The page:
The relationship that students cultivate with each other as well as with the staff is aided by the promotion of the school’s core values. These are courtesy, consideration and co- operation. They also emphasise the importance of attendance, punctuality and ensuring that the students make outstanding progress.

This is a facility designed specifically to support students who may have a learning difficulty such as Dyslexia, Dyscalculia (difficulty with numbers), developmental delays and speech or language difficulty. It also caters to students who are new to the English National Curriculum and need extra support. The staff are very skilled and work very hard to enable students to make progress by providing lessons that are relevant to the students’ readiness and developmental needs as well as their learning styles and interests.

Al Muna Primary’s gifted students have been introduced to programmes to motivate them further towards achieving their highest potential. Special programmes have been designed in particular to promote gifted UAE nationals, which make up twenty-seven per cent of the school’s student population. Examples of this include a music-mixing workshop that was recently conducted by popular Dubai One DJ Saif Al-Naji, who encouraged the students to work hard because there are many exciting job opportunities, like his job, that are available to them. An Emirati author also visited and worked with students on story writing. There was also a visit by a veterinarian.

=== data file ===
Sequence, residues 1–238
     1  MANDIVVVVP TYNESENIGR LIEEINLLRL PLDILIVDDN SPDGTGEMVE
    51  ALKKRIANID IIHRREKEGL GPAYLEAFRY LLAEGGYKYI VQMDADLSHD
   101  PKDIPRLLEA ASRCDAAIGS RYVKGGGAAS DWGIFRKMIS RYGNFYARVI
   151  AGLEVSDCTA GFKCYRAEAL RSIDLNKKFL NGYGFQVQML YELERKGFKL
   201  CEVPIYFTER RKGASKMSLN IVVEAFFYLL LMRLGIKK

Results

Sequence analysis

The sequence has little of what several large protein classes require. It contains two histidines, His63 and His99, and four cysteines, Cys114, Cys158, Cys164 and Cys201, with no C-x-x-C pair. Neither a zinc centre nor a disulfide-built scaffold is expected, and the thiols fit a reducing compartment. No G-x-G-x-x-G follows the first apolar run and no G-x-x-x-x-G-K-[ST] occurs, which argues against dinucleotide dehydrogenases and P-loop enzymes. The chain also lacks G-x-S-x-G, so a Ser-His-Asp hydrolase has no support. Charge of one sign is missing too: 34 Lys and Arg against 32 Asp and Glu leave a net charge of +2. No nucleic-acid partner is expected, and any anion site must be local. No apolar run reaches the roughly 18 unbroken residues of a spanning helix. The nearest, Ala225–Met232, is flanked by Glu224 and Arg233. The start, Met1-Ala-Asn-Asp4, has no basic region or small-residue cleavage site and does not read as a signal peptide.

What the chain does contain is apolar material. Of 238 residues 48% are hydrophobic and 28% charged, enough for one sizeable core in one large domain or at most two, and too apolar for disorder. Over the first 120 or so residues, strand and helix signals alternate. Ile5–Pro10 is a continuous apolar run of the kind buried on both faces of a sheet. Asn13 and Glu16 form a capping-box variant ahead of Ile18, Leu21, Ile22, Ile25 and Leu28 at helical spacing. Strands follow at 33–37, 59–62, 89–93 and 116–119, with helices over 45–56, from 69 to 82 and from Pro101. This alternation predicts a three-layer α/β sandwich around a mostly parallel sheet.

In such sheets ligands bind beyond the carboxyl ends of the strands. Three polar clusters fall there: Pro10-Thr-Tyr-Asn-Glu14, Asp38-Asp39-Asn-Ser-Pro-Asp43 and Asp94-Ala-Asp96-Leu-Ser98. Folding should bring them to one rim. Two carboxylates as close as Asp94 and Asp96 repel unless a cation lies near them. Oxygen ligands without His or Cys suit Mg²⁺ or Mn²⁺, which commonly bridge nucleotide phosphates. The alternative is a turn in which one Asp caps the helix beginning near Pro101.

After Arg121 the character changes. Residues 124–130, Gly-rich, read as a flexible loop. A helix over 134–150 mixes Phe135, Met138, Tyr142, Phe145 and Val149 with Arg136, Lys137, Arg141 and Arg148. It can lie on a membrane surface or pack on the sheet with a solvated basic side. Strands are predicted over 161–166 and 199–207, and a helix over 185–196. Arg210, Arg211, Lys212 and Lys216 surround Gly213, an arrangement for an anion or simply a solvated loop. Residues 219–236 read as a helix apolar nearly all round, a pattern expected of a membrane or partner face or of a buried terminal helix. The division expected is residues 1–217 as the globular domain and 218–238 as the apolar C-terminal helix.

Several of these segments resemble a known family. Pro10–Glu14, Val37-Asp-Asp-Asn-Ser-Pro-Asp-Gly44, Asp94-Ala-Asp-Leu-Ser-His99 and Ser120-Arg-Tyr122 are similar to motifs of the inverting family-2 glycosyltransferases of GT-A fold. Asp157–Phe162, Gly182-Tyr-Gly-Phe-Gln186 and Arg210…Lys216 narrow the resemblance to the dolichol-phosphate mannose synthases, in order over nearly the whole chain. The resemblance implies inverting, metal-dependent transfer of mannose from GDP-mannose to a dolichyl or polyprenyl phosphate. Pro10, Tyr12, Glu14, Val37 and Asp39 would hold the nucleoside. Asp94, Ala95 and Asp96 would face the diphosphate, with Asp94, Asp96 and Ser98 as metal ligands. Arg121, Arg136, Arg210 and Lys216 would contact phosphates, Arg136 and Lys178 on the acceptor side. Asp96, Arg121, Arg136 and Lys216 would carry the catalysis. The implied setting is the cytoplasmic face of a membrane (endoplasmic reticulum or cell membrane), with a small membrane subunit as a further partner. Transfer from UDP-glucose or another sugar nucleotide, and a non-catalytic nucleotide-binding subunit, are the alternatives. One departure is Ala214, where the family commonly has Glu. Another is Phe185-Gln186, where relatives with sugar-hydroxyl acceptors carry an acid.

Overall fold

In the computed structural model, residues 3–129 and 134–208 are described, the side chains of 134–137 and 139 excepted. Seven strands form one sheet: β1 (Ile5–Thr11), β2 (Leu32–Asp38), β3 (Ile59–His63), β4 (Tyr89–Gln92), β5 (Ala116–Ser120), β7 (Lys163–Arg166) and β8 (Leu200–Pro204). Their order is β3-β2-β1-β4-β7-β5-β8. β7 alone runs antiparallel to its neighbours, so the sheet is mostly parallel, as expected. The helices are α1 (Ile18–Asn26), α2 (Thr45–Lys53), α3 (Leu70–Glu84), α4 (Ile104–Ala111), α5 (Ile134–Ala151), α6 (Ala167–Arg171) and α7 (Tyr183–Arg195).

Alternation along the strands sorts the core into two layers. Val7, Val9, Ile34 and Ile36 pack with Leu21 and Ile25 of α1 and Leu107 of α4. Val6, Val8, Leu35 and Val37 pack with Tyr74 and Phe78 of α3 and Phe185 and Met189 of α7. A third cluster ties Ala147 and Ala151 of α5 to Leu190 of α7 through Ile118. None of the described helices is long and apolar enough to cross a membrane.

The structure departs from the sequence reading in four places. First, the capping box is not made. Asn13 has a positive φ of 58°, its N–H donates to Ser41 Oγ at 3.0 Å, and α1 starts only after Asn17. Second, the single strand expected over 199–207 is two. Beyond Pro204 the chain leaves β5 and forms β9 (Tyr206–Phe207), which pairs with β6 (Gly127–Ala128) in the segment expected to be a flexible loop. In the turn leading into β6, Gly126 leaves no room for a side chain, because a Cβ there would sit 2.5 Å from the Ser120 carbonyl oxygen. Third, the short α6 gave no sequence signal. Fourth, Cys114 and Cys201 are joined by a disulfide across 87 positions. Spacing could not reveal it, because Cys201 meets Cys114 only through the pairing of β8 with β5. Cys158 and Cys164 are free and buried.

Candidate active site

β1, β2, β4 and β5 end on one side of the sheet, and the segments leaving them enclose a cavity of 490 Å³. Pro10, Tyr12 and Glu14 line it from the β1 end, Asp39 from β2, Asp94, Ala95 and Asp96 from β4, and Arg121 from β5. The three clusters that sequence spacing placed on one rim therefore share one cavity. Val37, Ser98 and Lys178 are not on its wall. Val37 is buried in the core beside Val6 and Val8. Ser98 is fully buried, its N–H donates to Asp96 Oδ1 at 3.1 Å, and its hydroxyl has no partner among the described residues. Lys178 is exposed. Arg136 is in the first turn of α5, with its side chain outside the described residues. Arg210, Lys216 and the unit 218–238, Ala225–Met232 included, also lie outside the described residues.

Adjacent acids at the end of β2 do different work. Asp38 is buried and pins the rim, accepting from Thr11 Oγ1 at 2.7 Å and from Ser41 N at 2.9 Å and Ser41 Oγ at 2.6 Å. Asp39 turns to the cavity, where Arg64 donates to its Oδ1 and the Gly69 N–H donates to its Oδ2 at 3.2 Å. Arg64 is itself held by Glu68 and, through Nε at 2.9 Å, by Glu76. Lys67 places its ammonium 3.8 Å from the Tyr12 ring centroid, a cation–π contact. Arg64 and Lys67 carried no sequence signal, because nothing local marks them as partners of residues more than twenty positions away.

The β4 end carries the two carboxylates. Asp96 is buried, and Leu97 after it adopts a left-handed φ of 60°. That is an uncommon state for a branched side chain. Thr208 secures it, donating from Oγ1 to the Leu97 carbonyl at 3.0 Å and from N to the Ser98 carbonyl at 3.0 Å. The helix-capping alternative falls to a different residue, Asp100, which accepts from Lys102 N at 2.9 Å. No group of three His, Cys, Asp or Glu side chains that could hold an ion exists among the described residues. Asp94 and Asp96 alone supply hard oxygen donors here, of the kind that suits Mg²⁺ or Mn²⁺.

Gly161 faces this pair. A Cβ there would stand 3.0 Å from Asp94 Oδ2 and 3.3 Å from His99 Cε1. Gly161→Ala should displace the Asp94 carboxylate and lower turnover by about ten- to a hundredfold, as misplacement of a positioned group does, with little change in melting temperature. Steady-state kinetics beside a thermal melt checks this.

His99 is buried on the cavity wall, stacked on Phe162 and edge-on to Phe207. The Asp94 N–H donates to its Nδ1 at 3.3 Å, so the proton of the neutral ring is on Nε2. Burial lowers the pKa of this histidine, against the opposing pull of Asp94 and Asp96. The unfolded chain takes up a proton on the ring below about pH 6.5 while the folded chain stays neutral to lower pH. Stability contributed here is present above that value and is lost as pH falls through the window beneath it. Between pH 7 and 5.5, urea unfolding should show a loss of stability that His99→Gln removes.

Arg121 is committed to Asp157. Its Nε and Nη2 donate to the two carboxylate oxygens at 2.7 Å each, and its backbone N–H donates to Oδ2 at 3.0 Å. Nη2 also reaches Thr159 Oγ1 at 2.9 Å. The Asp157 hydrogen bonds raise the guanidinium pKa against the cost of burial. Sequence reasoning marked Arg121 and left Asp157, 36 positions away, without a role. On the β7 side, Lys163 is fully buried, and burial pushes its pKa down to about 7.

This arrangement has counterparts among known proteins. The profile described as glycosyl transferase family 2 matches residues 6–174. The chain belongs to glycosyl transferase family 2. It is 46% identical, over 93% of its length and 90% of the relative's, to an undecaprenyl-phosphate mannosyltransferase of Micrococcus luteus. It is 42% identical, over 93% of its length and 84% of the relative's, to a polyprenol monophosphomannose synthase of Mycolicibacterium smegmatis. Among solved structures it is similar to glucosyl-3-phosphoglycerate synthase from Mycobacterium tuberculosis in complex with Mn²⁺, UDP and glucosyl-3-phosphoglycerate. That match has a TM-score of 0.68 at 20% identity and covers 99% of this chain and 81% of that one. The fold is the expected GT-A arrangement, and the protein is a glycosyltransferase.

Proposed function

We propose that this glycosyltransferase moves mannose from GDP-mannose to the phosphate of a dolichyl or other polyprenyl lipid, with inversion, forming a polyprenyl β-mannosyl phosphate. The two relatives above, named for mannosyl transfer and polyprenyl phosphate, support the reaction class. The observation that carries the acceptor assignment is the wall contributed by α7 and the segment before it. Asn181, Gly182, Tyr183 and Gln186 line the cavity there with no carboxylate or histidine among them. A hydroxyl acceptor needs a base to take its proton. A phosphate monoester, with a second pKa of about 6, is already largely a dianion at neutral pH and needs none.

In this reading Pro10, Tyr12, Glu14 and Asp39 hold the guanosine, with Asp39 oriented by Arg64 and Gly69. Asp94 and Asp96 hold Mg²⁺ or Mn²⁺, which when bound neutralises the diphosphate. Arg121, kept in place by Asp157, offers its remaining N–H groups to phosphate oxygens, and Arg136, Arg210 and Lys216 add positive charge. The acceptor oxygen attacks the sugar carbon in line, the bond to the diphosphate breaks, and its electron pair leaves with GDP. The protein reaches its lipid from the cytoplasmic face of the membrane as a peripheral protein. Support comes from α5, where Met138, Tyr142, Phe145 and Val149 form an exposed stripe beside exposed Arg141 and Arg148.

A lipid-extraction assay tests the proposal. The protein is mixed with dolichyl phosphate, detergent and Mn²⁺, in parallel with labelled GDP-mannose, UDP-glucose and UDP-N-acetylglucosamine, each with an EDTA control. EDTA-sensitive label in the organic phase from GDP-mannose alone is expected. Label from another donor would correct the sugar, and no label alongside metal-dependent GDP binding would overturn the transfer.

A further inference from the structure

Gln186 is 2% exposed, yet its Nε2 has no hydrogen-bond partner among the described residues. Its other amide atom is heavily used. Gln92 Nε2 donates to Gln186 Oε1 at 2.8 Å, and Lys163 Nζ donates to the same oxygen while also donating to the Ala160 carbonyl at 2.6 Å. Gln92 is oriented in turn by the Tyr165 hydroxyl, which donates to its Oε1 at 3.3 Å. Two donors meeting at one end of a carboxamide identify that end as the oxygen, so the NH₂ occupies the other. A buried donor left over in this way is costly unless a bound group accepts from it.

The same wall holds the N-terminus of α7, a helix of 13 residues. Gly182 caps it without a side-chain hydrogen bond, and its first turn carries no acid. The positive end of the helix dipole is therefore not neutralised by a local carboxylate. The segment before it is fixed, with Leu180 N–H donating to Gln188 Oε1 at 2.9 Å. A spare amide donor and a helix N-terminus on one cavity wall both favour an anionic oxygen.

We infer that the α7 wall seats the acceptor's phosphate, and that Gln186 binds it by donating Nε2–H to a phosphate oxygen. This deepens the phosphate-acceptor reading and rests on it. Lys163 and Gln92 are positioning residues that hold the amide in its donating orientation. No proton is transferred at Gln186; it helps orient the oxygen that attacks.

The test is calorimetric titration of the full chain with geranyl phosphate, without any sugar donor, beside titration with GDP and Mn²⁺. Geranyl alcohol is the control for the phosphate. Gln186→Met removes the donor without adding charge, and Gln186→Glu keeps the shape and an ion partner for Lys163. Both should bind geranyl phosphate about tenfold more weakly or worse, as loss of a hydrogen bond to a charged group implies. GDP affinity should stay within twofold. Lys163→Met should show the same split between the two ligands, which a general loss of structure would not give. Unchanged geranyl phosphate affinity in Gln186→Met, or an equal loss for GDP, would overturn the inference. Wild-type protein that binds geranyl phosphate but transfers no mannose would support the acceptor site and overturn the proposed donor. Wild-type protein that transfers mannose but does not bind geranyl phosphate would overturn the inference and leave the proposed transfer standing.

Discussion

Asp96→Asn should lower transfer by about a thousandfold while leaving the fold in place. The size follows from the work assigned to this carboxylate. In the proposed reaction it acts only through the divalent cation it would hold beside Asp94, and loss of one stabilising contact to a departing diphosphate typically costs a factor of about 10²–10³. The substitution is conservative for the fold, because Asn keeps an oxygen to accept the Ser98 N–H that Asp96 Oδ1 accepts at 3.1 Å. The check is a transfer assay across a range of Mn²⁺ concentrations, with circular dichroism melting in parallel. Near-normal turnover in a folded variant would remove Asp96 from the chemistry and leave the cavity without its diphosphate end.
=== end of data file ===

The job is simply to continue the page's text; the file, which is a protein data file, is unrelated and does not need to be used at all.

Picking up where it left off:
National Day is celebrated with much fanfare and is a whole school community event, led by the school’s Arabic staff. They create their own traditional heritage village with animals, traditional crafts and cookery, which takes three or four days to be put in place. Students then spend the morning visiting the heritage village. A big assembly follows where the UAE cultural dances and other traditions are performed. Finally, in the afternoon, the families come in and it becomes a big picnic on the field.